No one at the hearing mentioned that, through the Food and Drug Administration and University of Maryland's Joint Institute for Food Safety and Applied Nutrition, the EPRI contributed $486,000 to a Seychelles-related research project involving Myers' group. In an interview, Myers said the funding did not support "the main study in the Seychelles," but rather "some related studies." Yet others contend that that funding is relevant for assessing all of the Seychelles work. "Think about what your mother might say," says Rena Steinzor, director of the environmental-law clinic at the University of Maryland and a board member at the Center for Progressive Regulation. "Would she want to know that some doctor who told her mercury in fish was safe had been given money by the industry most affected by proposals to cut this pollution?"
As on the climate issue, Inhofe leaned toward the industry-friendly outlier position. His questioning emphasized that fish are part of a healthy diet, and appeared to challenge the prominent Faroe Islands mercury study, which did show damaging effects on child development and was relied upon by the NAS. Once again, Inhofe's staff insisted that the panel was balanced. Myers' work, they wrote, is "the most comprehensive study to date."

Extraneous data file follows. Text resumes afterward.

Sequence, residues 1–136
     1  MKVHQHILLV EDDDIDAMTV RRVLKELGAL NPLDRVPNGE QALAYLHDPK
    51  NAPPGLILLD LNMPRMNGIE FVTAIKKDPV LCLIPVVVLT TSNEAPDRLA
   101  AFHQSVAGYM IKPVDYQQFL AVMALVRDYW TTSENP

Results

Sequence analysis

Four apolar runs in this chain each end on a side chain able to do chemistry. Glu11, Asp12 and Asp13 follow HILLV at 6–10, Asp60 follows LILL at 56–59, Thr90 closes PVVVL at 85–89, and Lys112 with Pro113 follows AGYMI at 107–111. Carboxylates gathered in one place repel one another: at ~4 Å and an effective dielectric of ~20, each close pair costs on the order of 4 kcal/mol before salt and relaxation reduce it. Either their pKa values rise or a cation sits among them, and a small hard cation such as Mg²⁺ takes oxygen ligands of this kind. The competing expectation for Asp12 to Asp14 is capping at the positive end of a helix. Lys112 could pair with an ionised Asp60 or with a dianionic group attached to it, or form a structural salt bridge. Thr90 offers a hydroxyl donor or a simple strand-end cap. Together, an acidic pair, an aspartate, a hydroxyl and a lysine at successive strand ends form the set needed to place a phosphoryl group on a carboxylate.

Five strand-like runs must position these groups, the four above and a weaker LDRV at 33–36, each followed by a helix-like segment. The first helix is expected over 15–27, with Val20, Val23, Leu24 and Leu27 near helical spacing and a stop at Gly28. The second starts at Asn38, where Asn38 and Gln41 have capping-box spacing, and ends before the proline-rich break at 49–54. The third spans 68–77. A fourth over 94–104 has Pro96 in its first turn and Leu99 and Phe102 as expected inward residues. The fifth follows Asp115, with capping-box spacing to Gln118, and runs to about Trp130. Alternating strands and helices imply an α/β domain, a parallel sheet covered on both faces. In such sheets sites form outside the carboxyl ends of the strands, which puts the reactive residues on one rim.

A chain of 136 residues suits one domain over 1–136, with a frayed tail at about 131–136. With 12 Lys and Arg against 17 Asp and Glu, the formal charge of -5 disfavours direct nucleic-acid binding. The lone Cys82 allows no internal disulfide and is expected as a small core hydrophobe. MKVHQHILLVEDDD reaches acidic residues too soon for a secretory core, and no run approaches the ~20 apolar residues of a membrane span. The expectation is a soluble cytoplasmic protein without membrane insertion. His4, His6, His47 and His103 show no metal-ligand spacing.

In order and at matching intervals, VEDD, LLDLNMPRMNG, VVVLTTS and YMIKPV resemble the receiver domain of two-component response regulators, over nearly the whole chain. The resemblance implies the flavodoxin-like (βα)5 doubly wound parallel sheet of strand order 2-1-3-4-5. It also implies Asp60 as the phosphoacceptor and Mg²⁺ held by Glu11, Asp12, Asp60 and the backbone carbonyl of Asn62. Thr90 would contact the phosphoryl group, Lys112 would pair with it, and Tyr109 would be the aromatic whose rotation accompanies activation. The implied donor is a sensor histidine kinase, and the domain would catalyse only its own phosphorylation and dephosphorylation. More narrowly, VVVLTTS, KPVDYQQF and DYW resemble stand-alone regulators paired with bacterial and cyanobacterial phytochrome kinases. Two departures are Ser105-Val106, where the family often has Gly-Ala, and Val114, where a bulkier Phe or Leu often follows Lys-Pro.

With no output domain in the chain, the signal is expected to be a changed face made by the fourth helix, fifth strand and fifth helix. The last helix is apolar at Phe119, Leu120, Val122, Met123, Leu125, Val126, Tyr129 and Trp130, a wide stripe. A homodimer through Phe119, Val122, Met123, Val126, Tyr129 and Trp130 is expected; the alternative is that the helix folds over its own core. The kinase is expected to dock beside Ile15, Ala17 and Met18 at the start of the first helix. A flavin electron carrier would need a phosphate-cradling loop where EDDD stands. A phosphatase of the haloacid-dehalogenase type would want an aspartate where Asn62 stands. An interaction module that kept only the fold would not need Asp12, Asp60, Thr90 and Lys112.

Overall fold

Ironically, the mercury issue links back to climate change in a surprising way. In December 2003, the Center for Science and Public Policy at the conservative Frontiers of Freedom Institute came out with a report saying that the EPA's initial push to regulate mercury stringently -- since watered down -- was "not justified by science." Like Inhofe's staff, the report treated the Seychelles work of Gary Myers as definitive. One of the report's two authors was none other than Dr. Willie Soon, listed as "science director" of the Center for Science and Public Policy. Frontiers of Freedom received $232,000 from ExxonMobil in 2002.